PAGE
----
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Link to an image of this page  Link to an image of this page  [B6v p28]

Contra la victoria ganada por engaņo.

Ottava rhima.

Sobre la tumba triste y desdichada
De Aiax llorando rasgo mis cabellos
Yo misera Virtud, ya desterrada
D’entre los hombres, que ya soy entr’ellos
(Aun siendo el Griego juez)[1] abandonada
Del engaņoso engaņo, que sobrellos
Dominio tiene atanto, que mi nombre
Apenas es oído de algun hombre.

Notes:

1.  The Greek assembly awarded the arms of the dead Achilles to the cunning and eloquent Ulysses, not the brave and straight-forward Ajax. For Ajax’ subsequent suicide, see [A49a038].


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Silentium.

Silence

EMBLEMA XI.

Cum tacet, haud quicquam differt sapientibus amens:
Stultitiae est index linguaque voxque suae.
Ergo premat labias, digitoque silentia signet:
Et sese Pharium vertat in Harpocratem[1].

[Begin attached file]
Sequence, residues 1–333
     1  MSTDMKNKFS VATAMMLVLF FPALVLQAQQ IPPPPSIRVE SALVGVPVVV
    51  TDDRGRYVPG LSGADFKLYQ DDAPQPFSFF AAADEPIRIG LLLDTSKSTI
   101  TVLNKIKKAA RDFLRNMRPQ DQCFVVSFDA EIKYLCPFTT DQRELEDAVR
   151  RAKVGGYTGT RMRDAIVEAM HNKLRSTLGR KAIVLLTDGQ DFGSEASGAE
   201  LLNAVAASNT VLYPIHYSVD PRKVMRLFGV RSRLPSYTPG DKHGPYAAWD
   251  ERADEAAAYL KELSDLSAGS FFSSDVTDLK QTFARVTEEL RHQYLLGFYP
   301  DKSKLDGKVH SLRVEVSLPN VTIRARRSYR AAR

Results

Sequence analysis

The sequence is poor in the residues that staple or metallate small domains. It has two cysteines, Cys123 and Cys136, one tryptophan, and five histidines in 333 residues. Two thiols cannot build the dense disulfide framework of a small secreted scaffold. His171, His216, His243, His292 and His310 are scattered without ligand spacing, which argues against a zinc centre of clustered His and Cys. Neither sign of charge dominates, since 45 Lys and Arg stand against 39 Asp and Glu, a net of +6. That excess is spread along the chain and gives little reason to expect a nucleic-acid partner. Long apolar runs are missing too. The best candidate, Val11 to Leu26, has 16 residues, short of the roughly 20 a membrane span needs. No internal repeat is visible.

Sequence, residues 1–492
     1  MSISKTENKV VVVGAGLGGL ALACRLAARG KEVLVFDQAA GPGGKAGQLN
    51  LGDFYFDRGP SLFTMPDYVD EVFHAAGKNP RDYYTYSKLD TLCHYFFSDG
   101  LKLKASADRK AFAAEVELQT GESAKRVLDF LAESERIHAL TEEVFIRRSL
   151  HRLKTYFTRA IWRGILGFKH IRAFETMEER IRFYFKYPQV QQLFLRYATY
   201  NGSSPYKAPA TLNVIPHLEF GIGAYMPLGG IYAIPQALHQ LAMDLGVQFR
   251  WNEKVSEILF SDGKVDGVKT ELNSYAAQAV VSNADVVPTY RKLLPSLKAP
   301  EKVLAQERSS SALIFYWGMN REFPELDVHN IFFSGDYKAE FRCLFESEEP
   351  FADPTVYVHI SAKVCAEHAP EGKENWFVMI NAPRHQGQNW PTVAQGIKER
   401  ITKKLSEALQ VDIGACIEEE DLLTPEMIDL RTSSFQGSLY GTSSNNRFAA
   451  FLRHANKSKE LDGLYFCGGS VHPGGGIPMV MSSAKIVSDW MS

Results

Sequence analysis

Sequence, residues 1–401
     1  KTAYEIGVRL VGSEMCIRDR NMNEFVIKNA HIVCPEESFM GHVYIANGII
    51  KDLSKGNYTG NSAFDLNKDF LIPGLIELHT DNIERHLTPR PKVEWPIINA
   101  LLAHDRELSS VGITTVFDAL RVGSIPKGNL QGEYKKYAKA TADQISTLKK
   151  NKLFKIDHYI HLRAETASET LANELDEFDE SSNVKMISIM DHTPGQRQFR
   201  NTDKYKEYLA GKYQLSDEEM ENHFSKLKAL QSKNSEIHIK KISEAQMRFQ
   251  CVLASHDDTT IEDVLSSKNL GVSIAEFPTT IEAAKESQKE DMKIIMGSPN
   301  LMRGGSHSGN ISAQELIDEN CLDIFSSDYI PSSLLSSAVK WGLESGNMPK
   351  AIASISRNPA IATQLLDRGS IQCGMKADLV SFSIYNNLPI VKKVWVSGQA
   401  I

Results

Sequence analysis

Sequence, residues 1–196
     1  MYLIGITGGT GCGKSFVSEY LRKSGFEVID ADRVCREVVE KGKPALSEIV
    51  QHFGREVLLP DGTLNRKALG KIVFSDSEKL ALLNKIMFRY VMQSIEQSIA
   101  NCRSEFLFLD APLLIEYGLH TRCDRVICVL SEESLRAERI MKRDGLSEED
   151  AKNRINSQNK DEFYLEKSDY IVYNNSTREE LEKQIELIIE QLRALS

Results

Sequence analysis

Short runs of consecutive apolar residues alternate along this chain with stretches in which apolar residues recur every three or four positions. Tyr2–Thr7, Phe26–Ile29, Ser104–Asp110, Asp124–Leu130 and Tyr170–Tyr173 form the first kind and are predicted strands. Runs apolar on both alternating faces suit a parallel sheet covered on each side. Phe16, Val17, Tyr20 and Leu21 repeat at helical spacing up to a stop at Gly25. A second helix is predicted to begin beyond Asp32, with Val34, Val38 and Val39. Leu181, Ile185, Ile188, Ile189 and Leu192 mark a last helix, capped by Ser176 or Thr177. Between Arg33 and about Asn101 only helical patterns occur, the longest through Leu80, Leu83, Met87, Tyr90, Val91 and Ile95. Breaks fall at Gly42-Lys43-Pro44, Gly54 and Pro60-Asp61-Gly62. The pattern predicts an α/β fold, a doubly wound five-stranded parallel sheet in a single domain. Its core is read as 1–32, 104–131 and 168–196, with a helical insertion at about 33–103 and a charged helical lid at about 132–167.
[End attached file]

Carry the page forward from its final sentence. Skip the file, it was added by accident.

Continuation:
When he is silent, the fool differs no whit from the wise. It is tongue and voice that betray his stupidity. Let him therefore put his finger to his lips and so mark silence, and turn himself into Egyptian Harpocrates.

Notes:

1.  Harpocrates, also known as Horus, was the son of the Egyptian divinity Isis. He avenged the murder of his father Osiris by Set/Typhon. He is often represented as an infant with his finger held to his mouth as a sign of silence and economy of words. See Plutarch, De Iside et Osiride 68.


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  • Wisdom; 'Sapienza', 'Sapienza humana', 'Sapienza vera' (Ripa) [52A51] Search | Browse Iconclass
  • Ignorance; 'Ignoranza', 'Ignoranza di tutte le cose', 'Ignoranza in un ricco senza lettere' (Ripa) [52AA5] Search | Browse Iconclass
  • Folly, Foolishness; 'Pazzia', 'Sciocchezza', 'Stoltitia' (Ripa) [52AA51] Search | Browse Iconclass
  • Taciturnity; 'Secretezza', 'Secretezza overo Taciturnitā' (Ripa) (+ emblematical representation of concept) [52DD3(+4)] Search | Browse Iconclass

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